Twenty-five homes and 16 businesses were destroyed by fire and three destroyed by ‘flying’ tank cars; numerous other homes received damage. St Joseph's Church sustained extensive damage. More than $2 million in property damage occurred as a result of the derailment, fires and explosions. Six fire trucks were damaged by the explosions and fires, along with 3 050 feet of 2½-inch fire hose, 500 feet of 1½-inch hose, several ladders, nine fire fighter coats and seven fire fighter helmets. Warning lights on Crescent City pumpers melted and apparatus had to be repainted. According to the National Transportation Safety Board (NTSB), overheating caused the breaking of the L-4 Journal of the 20th car in the train. The exact cause of the overheating was not determined but a motorist spotted smoke coming from one of the railcars when the train was approximately 10 miles west of Crescent City.
After several BLEVEs of this type occurred in the 1970s, the railroad industry retrofitted all tank cars carrying liquefied flammable gases by adding thermal protection, which protects against high temperatures that can weaken metal. Shelf couplers were developed to prevent cars from uncoupling vertically and head shields were fitted to protect against punctures from the couplers. Since these retrofits were completed in 1980, there have been no BLEVEs of railroad tank cars in the United States.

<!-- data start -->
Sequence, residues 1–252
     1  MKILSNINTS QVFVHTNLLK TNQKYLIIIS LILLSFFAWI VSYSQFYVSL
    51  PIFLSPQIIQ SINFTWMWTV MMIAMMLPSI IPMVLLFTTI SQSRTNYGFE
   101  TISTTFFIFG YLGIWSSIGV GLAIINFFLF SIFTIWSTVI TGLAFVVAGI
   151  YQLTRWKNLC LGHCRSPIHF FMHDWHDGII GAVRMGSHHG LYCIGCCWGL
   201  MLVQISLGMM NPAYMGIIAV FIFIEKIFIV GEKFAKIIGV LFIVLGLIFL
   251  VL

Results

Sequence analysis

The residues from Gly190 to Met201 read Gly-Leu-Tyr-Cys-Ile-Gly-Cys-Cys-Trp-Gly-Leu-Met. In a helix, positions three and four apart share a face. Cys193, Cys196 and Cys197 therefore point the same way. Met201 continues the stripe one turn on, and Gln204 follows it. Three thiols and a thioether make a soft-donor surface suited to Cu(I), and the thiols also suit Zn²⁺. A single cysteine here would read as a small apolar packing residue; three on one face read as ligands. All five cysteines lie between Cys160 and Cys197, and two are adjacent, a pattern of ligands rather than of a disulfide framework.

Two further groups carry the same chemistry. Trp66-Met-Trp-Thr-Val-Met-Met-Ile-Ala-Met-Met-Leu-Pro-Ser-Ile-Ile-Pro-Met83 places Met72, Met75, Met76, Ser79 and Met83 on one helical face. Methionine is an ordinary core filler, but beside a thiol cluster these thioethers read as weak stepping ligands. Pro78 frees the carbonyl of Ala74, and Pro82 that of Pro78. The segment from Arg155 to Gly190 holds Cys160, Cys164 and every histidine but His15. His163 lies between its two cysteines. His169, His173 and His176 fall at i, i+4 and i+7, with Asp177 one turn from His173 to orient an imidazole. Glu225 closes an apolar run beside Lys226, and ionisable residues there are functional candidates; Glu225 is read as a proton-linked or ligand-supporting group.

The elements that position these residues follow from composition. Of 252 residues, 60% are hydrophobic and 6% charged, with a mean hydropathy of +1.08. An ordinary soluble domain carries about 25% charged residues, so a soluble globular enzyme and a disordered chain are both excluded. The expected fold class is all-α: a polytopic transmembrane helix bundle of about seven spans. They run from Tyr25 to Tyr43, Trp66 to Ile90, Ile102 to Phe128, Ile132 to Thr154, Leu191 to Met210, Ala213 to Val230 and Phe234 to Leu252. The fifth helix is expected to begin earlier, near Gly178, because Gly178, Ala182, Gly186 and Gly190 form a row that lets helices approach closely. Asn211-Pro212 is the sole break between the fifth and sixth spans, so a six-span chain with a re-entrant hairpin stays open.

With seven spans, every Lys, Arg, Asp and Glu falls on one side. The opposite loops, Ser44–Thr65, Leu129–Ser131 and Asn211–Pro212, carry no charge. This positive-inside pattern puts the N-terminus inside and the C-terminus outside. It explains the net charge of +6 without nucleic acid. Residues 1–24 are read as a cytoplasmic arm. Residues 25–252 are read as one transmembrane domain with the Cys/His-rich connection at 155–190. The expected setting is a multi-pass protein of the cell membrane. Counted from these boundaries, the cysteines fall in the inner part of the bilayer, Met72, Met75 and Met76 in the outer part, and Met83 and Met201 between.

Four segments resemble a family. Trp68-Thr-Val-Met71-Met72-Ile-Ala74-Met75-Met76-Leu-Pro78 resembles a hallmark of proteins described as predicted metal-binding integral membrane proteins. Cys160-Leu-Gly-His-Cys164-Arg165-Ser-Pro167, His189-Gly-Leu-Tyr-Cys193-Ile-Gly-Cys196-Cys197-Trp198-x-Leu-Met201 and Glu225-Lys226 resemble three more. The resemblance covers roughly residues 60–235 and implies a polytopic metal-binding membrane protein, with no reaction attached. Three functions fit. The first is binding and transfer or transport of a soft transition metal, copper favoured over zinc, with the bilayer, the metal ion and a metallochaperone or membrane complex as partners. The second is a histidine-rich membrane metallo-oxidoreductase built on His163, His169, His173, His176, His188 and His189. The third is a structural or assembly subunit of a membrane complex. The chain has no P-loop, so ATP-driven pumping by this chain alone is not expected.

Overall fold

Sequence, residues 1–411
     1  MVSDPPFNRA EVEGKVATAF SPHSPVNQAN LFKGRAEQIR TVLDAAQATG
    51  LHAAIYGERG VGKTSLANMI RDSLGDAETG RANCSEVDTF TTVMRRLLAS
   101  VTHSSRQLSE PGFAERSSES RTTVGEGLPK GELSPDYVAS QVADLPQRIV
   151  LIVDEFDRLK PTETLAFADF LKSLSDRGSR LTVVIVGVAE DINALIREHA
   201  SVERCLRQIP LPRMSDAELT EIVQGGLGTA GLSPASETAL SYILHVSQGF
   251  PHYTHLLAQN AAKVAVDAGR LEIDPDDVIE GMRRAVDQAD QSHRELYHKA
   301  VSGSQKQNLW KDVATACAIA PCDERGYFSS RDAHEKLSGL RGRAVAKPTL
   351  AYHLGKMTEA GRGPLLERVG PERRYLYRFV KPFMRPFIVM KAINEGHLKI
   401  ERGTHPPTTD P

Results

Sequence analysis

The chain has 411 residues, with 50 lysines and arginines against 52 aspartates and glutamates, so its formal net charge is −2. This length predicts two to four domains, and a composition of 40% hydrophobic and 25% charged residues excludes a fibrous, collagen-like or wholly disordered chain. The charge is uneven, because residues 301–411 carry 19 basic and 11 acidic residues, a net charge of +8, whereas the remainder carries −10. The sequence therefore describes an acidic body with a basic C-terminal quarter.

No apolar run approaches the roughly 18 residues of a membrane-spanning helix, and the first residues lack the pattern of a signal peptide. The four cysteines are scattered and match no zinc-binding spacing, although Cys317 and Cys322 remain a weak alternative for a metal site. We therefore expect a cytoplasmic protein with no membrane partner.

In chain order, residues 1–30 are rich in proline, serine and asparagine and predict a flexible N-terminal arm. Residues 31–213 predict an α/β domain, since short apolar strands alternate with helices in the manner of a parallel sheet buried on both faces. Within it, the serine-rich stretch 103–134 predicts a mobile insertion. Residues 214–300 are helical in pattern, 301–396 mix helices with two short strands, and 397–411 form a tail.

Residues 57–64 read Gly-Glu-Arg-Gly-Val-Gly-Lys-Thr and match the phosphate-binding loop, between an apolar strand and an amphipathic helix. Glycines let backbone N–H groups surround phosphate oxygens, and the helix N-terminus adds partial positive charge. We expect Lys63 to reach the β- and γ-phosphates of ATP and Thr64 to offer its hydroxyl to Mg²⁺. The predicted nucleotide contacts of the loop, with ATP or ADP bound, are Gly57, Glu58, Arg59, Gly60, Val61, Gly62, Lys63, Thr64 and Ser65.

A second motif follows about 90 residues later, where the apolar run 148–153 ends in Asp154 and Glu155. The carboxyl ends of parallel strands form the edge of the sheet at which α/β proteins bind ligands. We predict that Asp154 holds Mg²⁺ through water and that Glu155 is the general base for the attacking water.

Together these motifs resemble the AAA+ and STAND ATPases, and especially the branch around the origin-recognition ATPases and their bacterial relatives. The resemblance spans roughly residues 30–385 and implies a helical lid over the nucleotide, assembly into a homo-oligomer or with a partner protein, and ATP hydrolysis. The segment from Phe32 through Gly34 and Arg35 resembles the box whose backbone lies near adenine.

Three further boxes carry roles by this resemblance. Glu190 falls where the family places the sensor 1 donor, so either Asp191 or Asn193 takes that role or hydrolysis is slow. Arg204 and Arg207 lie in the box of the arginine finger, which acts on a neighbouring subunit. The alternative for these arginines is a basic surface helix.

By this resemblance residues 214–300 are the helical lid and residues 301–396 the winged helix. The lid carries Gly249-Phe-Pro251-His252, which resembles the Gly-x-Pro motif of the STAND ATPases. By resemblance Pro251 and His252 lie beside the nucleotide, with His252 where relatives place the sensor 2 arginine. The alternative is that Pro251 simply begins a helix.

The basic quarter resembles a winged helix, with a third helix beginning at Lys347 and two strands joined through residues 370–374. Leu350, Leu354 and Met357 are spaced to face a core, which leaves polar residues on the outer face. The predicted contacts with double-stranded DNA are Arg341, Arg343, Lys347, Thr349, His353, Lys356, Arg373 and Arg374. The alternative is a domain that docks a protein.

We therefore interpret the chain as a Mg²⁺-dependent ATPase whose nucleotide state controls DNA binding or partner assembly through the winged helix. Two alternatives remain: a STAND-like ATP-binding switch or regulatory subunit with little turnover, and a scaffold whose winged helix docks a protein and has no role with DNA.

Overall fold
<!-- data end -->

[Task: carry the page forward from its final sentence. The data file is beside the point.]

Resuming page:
In the 1970s, organised hazardous materials response by fire departments and other agencies began to develop. Significant incidents involving railroad tank cars in Waverly in Tennessee and Kingman in Arizona, as well as the incident in Crescent City resulted in changes in tank car safety, hazmat transportation markings and regulation at the federal level. Organisation of hazmat response teams soon followed, with many established by fire departments. Much was learned nationwide by responders as a result of the derailment in Crescent City. The actions of the responders in the Crescent City incident may have led to saving of lives in other future derailments that have occurred.
Crescent City has much the same population today as it did in 1970 — 681 people. The fire department is a part of the Crescent/Iroquois Fire Protection District and has 26 active members. Current fire apparatus in service spans six decades — 1956, 1961, 1979, 1981, 1994 and 2004. They are all International Harvester vehicles. Crescent City firefighters respond to 35 to 40 calls per year for accidents and fires. Fire Chief Richard Gocken, a local business owner, recently retired as chief after 21 years. He is still active and is the assistant chief. Dean Storm has taken over as fire chief.
Sources: Hazardous Materials Facebook Page; Robert Burke, US National Fire Academy; Benjamin Light